Accounts of the angel of death have appeared many times throughout the ages. Sometimes this being is perceived as evil, other times it is portrayed as simply carrying out the job at hand. Take a closer look at the many interpretations of this mysterious figure.
Versions of the Angel of Death
Many cultures and religions throughout the world have their own view of the angel of death or the Grim Reaper. The term "angel of death" can be found in nearly every culture in various forms.
The Grim Reaper
In Western culture, the Grim Reaper is the primary version of the angel of death. Cloaked in black, the reaper appears as a skeletal figure holding a scythe peering out from underneath a black hood. When it is your time, the Grim Reaper comes and takes you to the other side. It is his job to collect souls as they pass from one world to the other. This depiction of the Grim Reaper first appeared in the book of Revelation 6:1-8 as the fourth horseman of the apocalypse, Death himself.
Angel of Death in Christianity and the Bible
There are many accounts of angels, both good and bad, specifically found in Christianity, Judaism, and Islam.
- The book of Isaiah in the Bible includes an account of how 185,000 Assyrians were slaughtered by an angel of God.
- The book of Genesis recounts the deaths of the first born of Egypt that many people believe were also delivered by an angel under the direction of God, although it may have been God who actually performed the act.
Is the Grim Reaper Evil?
Both of these accounts fit the general description of a death angel, although there doesn't seem to be a single angel that officially carries such a title. The thought of an angel that brings death is an ominous one indeed, and it's small wonder such a figure might be associated with an evil nature given many people's fears about what happens after life ends. This has led some people to a belief that there is a close link between the death angel and the figure of Satan. However, there is no Christian biblical reference that Satan and this figure are one and the same. Rather, the Angel of Death is portrayed as someone doing God's work to help people as they reach fated end of their lives.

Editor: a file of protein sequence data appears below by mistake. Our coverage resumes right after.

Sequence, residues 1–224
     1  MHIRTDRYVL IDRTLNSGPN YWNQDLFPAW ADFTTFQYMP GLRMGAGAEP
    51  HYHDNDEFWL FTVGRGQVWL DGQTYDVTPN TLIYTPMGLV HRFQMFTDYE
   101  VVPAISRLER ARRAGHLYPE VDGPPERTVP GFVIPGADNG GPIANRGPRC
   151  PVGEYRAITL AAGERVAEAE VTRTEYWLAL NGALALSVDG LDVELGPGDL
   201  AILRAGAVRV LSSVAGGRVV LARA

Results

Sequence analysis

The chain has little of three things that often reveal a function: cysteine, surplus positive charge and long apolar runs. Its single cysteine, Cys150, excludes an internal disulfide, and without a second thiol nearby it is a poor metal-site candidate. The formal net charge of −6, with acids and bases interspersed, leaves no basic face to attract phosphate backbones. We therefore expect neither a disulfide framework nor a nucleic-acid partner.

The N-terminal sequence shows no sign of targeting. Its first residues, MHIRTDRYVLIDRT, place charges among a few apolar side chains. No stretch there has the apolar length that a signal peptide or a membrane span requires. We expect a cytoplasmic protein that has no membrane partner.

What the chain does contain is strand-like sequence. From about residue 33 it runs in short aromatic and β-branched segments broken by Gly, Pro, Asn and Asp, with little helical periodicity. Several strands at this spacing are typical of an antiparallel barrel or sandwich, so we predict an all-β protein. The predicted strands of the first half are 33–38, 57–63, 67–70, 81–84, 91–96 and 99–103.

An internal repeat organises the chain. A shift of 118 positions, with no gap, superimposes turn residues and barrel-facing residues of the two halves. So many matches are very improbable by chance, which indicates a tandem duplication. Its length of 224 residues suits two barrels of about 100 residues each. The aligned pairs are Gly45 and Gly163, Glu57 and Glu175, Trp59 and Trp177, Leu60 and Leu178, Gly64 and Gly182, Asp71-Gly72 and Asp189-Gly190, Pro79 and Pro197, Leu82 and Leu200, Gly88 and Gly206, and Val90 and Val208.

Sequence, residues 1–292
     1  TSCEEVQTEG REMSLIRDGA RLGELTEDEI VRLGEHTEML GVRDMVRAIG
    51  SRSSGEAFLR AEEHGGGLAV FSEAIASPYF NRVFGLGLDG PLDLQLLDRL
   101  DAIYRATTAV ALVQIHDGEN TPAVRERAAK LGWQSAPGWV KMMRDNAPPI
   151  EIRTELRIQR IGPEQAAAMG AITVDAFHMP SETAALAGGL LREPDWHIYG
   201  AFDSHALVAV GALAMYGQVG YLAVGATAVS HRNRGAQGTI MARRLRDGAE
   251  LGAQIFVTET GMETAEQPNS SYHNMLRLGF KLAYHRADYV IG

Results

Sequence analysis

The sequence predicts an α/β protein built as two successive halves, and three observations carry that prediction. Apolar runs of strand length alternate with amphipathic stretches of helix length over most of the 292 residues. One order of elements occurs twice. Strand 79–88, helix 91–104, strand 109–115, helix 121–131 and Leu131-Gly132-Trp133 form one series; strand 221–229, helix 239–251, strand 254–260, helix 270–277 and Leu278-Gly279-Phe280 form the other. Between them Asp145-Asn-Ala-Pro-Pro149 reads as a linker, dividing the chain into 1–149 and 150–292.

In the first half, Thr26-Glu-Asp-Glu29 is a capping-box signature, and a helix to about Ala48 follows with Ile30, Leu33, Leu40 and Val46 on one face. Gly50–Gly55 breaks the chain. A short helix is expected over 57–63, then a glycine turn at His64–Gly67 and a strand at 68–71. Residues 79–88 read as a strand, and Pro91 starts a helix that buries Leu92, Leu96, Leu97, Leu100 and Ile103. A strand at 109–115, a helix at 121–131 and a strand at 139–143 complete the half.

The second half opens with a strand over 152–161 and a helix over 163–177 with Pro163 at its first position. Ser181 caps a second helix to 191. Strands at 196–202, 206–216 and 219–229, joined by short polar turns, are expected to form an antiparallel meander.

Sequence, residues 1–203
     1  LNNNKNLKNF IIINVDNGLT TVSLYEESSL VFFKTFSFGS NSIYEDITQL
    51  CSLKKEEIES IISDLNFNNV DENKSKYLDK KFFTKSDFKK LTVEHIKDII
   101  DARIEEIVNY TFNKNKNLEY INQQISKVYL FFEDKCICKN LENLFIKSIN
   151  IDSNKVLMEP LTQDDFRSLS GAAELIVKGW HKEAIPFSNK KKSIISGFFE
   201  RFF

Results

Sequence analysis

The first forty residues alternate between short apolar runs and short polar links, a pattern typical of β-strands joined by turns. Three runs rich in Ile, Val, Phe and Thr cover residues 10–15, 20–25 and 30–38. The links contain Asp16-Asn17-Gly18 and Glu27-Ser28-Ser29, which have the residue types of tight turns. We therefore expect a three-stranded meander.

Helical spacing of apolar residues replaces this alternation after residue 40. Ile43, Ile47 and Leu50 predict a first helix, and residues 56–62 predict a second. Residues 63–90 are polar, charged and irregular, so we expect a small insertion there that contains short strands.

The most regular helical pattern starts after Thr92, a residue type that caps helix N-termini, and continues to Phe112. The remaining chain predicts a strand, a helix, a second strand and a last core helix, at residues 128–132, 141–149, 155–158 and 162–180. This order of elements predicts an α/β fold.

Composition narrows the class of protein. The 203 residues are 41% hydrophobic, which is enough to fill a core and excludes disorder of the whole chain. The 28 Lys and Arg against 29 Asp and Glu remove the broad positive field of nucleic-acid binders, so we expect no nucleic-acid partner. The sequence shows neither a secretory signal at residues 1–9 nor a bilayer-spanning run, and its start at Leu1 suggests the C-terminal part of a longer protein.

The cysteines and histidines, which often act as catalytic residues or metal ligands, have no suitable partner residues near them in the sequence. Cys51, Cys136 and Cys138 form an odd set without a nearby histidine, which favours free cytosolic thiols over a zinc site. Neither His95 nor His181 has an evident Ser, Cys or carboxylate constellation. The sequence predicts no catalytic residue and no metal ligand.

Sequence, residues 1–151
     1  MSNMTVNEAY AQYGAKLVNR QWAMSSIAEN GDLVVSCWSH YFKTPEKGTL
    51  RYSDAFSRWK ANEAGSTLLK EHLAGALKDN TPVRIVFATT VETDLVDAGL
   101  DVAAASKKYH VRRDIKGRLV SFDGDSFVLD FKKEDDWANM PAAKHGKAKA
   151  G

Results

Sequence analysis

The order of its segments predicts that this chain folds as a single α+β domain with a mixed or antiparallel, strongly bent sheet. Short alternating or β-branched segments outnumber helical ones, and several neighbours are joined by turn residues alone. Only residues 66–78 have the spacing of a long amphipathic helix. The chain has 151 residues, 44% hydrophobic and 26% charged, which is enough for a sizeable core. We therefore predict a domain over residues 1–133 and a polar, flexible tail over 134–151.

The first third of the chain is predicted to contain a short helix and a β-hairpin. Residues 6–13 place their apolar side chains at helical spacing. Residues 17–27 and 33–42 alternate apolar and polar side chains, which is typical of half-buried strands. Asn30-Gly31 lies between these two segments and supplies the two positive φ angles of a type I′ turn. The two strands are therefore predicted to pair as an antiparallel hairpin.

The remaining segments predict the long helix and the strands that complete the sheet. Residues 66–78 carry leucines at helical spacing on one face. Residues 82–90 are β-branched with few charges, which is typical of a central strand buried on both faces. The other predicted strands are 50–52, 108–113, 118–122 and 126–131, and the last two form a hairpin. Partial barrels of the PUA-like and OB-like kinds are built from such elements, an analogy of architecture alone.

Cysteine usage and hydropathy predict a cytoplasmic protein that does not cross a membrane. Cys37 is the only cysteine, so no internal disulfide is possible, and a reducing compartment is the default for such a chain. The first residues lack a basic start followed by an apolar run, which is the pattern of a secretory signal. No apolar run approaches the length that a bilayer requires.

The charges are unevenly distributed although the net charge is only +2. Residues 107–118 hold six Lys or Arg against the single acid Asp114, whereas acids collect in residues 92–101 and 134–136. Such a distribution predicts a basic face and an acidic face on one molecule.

The Death Angel and Islam and Judaism
The Islamic and Jewish faiths are more specific about naming a death angel. Islam speaks of Azrael, while Judaism has no less than 14 death angels.
The death angel is represented in many forms throughout classic and modern fiction. The most well-known version of this angel is in the form of the Grim Reaper in novels such as Charles Dickens' A Christmas Carol, where the last spirit which appears to Scrooge is the terrifying cloaked figure of the Grim Reaper. Today, this dark being remains one of the most popular subjects for modern fiction, such as the examples below.
- Angel of Death by Charlotte Lamb
- Death Angel by Martha Powers
- The Goddess of Love and the Angel of Death by Tom Slattery
- Angel of Death by James Anderson
- The Angel of Death by P.C. Doherty
In the Media
The death angel is represented in a very wide range of forms throughout the media such as television and movies. The television show Touched By An Angel had a character named Andrew who was the one who delivered the death sentence. His character was kindhearted, and his role was simple to escort the person's spirit into the afterlife following death. More evil characters representing Death showed up in television shows like Charmed, or as a dark, misty and foreboding creature in the video game The Sims 2. There are also humorous examples of the Grim Reaper, such as in Bill and Ted's Bogus Journey, or in South Park, and Family Guy. Regardless of the medium, it's clear the mythology of the Grim Reaper representing Death has permeated throughout all aspects of modern society. This particular angel is recognized in almost every country and throughout every culture.
In Real Life
While many recognize that people often claim visitations by guardian angels, or sometimes possession by demonic spirits, a less common story told by witnesses is a visitation by a dark entity. However, these accounts do exist, and the stories are often told by people who have witnessed someone else's death. The following examples are a small sampling of true stories by people who have witnessed what many would consider visitations by the Grim Reaper himself.
- Angels & Ghosts featured a story by a man named Jeff who, through astral projection, came to believe that he was his own "messenger of death" when his own father passed away.
- YourGhostStories.com published a story about an assisted living worker at a private home for the elderly who experienced a dying man talking to a woman dressed all in black asking him to go with her. The man died shortly after the experience.
- GhostVillage.com featured a story from an Israeli in 1997 who claimed he was woken up by the touch of a bony finger on his lips, and upon waking, actually seeing this angel that represents death.
- Another demonic tale comes from a visitor of YourGhostStories who believes that the "shadow person" who visited him when his grandma died in her sleep was a demon.
Getting to Know the Grim Reaper
Given the variety of story themes and characterizations of death, this particular angel is one that does not follow a common theme for all people. For some, this entity represents an evil or demonic force. For others, it is a good being that is assigned to carry out the painful but necessary task of escorting human souls over to the other side. Still others view death as the classic figure with large bony fingers and a dark, hooded profile. Whichever way you view the Grim Reaper, the one thing that is clear is that it is one of the few angels that have captured the imaginations of a very large number of people around the world, religious and non-religious alike.